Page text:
Tunnel Vision: Urban Renewal in Rio de Janeiro, 1960-1975
Kehren, Mark Edward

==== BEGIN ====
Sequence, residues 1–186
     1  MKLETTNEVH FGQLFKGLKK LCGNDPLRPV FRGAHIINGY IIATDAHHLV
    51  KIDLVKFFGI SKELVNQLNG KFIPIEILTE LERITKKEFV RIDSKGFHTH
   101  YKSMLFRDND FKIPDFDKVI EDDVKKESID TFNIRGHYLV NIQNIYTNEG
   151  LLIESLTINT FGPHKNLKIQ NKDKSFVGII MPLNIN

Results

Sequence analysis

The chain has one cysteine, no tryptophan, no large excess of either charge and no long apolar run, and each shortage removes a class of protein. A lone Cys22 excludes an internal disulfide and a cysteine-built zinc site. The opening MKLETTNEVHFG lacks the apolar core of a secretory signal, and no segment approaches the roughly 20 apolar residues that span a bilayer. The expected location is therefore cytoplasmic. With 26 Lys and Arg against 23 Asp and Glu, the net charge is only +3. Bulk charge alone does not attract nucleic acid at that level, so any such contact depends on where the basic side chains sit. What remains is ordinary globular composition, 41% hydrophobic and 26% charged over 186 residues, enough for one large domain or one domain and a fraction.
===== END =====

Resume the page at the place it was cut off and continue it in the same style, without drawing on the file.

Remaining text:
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Following the inauguration of the newly constructed capital of Brasília in April 1960, the former federal district and Brazilian capital of Rio de Janeiro was transformed into the city-state of Guanabara. Although Rio lost its status as the political capital of Brazil after nearly 200 years, extensive urban renewal campaigns to modernize the city were employed by numerous politicians, planners, architects, artists, and ordinary residents to help restore Rio's position as Brazil's "true" capital city. This dissertation examines these urban renewal efforts in Guanabara from 1960 to 1975 - a period when Rio de Janeiro experienced its largest period of population and spatial growth. Whereas many of the urban renewal campaigns and projects for development prior to 1945 were intended to beautify, embellish, and "civilize" the city, the projects of the 1960s and 1970s were highly technical and revolved around integrating the automobile into the urban landscape. The measures of investment and resources devoted to modernizing and reforming the city during the Guanabara period were unprecedented for Rio de Janeiro, consequently resulting in significant spatial, social, cultural, and economic reorganization of the city. "Tunnel Vision: Urban Renewal in Rio de Janeiro, 1960-1975" examines specific projects of urban renewal such as tunnels (Rebouças and Santa Bárbara), expressways, parks (Aterro do Flamengo), subways, overpasses, and beaches while also exploring the technocratic approach to urban planning which was demonstrated through attitudes and principles that often marginalized "non-expert" participation in reforming the city. Using diverse primary sources such as government and urban planning documents, as well as neighborhood association materials, this dissertation also considers broader historical issues such as the politics and culture of military regimes, as well as questions related to the built environment, comparative planning cultures, space, class, race, ethnicity, and popular culture. Furthermore, this study also argues that the politics and culture of urban planning in Rio de Janeiro during the Guanabara period mirrored many of the same political, cultural, and social tensions that existed throughout Brazil and Latin America before and after the Brazilian military coup of 1964.